Mestre L., Piñol J., Barrientos J.A., Espadaler X. (2016) Differential ant exclusion from canopies shows contrasting top-down effects on community structure. Oecologia. 180: 193-203.EnllaçDoi: 10.1007/s00442-015-3442-z
Predators have far-reaching effects on communities by triggering top-down trophic cascades that influence ecosystem functioning. Omnivory and intraguild interactions between predators give rise to reticulate food webs and may either strengthen or dampen trophic cascades depending on context. Disentangling the effects of multiple predator species is therefore crucial for predicting the influence of predators on community structure. We focused on ants as dominant generalist predators in arthropod communities and set up a differential ant exclusion from canopies to examine its effects on assemblage species composition and densities of five arthropod groups (psocopterans, aphids, spiders, heteropterans and beetles). We coupled a glue band with tubes allowing only the ant Lasius grandis to reach the canopies to isolate its effect from the rest of crawling predators (ants, earwigs) and compared it against a full exclusion and a control. L. grandis alone had widespread effects on assemblage species composition, with contrasting species-specific responses within groups, where some species affected by L. grandis presence were not further affected by the presence of the whole crawling predator assemblage, and vice versa. Overall, L. grandis caused two- to threefold decreases of generalist predators and a threefold increase of aphids. However, it lacked further top-down effects on primary consumers, which only emerged when all crawling predators were present. This differential exclusion demonstrates the distinctive and widespread intraguild effects on community structure of a single ant species that contrast with the top-down effects exerted by the whole crawling predator assemblage. © 2015, Springer-Verlag Berlin Heidelberg.
Romeu-Dalmau C., Espadaler X., Piñol J. (2016) Management implications of earwigs' overwintering sites in a Mediterranean citrus grove. International Journal of Pest Management. : 1-6.EnllaçDoi: 10.1080/09670874.2015.1129079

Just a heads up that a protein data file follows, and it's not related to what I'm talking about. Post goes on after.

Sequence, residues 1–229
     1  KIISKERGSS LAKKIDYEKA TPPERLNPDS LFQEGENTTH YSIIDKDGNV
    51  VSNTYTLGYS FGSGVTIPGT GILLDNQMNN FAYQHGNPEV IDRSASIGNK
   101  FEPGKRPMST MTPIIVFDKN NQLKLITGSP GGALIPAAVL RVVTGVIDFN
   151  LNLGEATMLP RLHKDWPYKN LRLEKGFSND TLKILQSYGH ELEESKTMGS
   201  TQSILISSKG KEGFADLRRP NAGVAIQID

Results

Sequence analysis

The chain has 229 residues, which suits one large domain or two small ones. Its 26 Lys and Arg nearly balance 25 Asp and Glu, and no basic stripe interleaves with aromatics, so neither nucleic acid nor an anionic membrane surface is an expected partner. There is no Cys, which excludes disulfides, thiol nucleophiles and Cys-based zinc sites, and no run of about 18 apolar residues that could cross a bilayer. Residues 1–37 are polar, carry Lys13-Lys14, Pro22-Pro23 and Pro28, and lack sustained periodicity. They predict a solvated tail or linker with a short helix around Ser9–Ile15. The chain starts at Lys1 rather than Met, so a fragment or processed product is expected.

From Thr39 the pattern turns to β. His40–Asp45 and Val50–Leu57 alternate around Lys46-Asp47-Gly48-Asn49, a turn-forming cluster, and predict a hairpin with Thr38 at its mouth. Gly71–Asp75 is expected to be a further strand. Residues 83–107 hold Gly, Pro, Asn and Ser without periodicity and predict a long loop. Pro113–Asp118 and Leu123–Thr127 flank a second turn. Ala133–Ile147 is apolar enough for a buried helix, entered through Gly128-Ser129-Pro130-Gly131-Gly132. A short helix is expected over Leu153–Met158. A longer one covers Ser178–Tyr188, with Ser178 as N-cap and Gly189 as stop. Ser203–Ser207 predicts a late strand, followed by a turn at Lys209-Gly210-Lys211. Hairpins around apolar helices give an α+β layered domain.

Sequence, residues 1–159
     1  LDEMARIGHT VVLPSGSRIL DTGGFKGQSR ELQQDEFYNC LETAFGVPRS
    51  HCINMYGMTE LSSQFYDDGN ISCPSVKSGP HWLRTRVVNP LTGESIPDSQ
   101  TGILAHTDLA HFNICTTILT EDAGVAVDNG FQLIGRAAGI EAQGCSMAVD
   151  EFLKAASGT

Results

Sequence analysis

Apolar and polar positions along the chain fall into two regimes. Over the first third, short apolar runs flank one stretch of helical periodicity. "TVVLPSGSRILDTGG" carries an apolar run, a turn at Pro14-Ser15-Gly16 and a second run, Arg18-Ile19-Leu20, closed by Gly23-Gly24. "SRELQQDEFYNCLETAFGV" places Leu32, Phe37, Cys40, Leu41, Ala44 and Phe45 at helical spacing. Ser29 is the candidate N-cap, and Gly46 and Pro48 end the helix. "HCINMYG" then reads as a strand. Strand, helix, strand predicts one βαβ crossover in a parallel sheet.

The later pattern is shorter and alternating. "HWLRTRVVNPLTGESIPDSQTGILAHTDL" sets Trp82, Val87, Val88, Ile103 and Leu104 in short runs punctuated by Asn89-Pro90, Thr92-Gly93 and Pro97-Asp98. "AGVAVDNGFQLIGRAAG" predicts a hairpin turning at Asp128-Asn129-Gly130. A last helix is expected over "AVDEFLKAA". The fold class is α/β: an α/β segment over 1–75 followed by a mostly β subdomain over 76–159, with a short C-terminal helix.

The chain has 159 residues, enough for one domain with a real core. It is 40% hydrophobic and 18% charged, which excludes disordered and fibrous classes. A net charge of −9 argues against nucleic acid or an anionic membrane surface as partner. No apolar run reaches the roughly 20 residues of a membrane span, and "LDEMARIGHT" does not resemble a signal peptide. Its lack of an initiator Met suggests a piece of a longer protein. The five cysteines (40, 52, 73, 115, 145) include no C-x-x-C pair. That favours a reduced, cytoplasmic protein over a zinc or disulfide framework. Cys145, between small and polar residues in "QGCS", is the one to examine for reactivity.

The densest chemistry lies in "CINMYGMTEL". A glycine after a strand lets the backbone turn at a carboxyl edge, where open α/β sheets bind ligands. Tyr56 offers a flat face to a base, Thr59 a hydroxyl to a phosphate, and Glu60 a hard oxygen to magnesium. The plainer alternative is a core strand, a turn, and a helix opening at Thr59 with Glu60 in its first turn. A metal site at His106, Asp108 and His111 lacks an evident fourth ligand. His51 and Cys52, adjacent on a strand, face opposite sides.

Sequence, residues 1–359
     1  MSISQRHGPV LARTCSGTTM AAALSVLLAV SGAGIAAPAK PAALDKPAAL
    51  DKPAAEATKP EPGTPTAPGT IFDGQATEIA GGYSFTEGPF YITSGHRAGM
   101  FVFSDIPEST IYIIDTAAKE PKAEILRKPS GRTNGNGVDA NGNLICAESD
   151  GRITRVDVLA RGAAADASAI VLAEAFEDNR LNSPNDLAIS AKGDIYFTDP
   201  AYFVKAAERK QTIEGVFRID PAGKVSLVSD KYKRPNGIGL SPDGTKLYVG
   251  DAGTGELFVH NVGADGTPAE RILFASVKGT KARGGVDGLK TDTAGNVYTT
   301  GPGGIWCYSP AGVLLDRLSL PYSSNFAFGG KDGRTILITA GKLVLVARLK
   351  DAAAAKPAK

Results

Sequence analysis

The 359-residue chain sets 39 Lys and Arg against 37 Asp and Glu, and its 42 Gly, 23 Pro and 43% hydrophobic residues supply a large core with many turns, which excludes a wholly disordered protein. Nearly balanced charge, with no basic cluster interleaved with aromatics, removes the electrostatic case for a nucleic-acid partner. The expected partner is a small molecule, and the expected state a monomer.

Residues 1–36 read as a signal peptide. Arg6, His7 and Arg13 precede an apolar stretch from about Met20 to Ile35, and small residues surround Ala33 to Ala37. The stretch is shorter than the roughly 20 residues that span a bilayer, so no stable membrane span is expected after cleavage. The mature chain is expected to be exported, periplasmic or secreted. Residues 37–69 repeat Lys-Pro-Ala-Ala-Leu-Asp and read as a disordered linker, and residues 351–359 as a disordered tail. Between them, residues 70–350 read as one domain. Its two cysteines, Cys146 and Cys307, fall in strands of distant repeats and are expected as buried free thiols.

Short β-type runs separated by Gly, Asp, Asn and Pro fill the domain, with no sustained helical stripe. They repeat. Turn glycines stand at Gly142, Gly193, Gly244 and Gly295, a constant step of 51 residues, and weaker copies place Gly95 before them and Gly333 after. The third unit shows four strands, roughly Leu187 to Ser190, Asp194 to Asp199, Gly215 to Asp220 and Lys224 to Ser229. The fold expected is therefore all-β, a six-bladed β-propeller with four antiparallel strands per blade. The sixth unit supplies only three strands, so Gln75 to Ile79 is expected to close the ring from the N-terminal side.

To promote earwigs as natural enemies of pests, or to control their populations if they damage crops, earwigs can be managed during their overwintering period on the ground. Here, we obtained more than a ton of soil to study earwigs' overwintering sites in a citrus grove. We found four species of earwigs: Forficula pubescens, Euborellia annulipes, Euborellia moesta, and Nala lividipes. Surprisingly, and although the European earwig Forficula auricularia is abundant in the citrus canopies the rest of the year, we did not find any F. auricularia, indicating that this species spends the winter outside the citrus grove. Therefore, farmers willing to manage European earwig populations in citrus orchards need to consider the possibility that earwigs may spend the winter outside the field. Earwigs that were overwintering in the citrus grove were more abundant at the south side beneath the canopies than at the north side or between rows, indicating that management practices such as soil tillage can impact overwintering earwigs only beneath the canopies, but not between citrus rows. Overall, our results provide insights into how earwig populations can be successfully managed during winter in citrus orchards. © 2016 Taylor & Francis
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